Hemispheric differences in tropical lower stratospheric transport

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Tuesday, 6 January 2015: 4:45 PM
212A West Building (Phoenix Convention Center - West and North Buildings)
Darryn Waugh, Johns Hopkins University, Baltimore, MD; and R. S. Stolarski, M. Abalos, L. Oman, D. Kinnison, and W. J. Randel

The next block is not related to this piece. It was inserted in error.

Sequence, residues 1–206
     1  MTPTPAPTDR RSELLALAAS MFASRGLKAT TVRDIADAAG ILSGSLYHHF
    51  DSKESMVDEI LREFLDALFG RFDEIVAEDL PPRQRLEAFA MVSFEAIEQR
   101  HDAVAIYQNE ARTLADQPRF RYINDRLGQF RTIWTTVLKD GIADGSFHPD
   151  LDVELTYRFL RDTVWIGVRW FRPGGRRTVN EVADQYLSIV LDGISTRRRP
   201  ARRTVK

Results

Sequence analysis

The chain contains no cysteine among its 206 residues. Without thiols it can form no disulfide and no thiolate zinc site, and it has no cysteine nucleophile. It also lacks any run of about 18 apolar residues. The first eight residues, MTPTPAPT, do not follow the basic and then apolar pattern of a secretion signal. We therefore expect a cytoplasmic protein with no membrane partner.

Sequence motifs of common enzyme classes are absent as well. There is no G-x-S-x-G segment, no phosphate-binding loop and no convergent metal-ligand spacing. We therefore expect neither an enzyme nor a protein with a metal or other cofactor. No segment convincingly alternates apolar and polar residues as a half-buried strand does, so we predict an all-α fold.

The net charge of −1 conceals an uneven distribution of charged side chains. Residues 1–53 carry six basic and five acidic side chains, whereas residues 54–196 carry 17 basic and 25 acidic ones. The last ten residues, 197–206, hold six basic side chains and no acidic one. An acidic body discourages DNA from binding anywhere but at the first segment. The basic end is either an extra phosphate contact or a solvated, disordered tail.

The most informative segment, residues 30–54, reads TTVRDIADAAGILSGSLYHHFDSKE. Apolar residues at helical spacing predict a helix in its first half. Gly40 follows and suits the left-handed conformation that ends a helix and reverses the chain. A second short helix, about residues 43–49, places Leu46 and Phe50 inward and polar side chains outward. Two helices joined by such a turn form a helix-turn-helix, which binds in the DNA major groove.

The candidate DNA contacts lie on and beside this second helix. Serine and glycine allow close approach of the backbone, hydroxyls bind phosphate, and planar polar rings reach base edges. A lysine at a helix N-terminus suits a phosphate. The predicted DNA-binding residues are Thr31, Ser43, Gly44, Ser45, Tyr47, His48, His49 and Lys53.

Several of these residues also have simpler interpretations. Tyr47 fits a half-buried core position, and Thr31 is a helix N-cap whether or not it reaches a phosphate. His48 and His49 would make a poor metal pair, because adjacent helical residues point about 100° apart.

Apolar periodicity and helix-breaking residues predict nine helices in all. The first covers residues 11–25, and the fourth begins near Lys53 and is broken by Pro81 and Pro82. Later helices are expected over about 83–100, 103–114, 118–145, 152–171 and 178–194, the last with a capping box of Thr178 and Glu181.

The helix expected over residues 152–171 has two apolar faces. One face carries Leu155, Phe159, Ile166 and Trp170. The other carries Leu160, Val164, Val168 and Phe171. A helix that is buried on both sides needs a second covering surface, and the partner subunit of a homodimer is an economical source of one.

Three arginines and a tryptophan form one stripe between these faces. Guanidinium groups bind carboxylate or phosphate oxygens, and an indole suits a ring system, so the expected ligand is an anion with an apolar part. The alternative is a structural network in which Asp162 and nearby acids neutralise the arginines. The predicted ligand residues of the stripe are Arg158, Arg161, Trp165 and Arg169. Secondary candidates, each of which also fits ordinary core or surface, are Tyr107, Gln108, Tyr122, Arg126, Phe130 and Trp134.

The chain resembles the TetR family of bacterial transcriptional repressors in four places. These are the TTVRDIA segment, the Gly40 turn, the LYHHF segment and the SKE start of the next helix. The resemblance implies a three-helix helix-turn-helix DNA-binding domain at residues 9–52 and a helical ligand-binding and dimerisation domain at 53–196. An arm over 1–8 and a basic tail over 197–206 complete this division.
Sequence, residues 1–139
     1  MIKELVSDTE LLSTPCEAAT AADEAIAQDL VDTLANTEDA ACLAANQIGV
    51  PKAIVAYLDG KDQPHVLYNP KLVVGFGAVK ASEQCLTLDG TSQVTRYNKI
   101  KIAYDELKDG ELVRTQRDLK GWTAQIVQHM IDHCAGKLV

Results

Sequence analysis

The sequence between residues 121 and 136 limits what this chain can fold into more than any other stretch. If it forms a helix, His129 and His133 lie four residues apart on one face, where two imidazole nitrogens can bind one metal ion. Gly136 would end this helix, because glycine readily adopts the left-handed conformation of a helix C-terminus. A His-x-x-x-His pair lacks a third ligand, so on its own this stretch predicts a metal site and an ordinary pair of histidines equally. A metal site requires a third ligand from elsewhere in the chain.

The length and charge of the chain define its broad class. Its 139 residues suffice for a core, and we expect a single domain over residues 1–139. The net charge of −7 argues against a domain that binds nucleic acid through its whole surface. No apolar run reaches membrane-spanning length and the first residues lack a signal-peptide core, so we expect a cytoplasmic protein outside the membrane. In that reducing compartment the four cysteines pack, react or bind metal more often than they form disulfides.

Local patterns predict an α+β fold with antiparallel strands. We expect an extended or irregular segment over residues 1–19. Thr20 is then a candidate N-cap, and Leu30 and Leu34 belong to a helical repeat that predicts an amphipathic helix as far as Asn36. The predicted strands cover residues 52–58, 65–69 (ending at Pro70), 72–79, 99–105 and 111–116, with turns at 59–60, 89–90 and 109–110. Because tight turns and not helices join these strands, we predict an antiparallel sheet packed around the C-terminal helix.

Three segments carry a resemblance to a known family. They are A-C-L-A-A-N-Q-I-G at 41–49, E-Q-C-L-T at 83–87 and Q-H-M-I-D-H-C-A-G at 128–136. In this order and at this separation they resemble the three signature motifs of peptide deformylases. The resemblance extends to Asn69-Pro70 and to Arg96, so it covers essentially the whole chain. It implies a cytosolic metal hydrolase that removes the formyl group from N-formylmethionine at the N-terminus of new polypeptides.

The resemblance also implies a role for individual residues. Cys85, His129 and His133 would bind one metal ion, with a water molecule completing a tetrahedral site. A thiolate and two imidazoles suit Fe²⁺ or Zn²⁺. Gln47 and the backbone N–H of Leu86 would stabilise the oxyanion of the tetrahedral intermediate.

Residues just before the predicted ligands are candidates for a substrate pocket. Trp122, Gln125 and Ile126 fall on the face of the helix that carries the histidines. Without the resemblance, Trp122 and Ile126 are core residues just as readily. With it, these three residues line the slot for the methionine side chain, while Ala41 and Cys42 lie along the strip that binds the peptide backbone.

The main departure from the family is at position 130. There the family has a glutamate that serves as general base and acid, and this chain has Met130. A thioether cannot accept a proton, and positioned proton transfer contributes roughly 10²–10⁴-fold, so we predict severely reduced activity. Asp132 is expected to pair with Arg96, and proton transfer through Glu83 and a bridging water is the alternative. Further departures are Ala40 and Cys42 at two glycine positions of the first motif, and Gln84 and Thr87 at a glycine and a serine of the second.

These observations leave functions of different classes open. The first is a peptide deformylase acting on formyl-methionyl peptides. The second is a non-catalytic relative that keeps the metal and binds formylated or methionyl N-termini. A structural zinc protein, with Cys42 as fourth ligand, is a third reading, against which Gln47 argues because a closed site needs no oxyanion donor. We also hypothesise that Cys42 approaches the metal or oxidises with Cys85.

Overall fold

Examination of the annual cycle of ozone and other tracers shows significant differences between the northern and southern tropics, with much larger annual amplitudes in the northern tropics and a 2-3 months shift in the phase of the annual cycle. It has been suggested that these observations imply hemispheric differences in the balance between upwelling and horizontal mixing transport in the tropical lower stratosphere, and that there is a need to revise the paradigm of well-mixed tropics (both for composition and transport properties) to consider latitudinal variations within the tropics. Here we use chemistry-climate models, together with satellite measurements, to further explore differences in lower stratospheric composition, and transport between the northern and southern tropics. The models also produce a contrast between tracer annual cycles in the northern and southern tropics. Analysis of simulated tracers using the Transformed Eulerian Mean (TEM) framework confirms that the balance between processes varies between hemispheres. In the southern tropics vertical advection is the dominant cause of tracer annual cycles, whereas horizontal mixing dominates in the northern tropics. We will also present analysis of the tracer budgets in climate change simulations to examine how tropical lower stratospheric composition and transport may respond to increases in greenhouse gases and other changes in climate.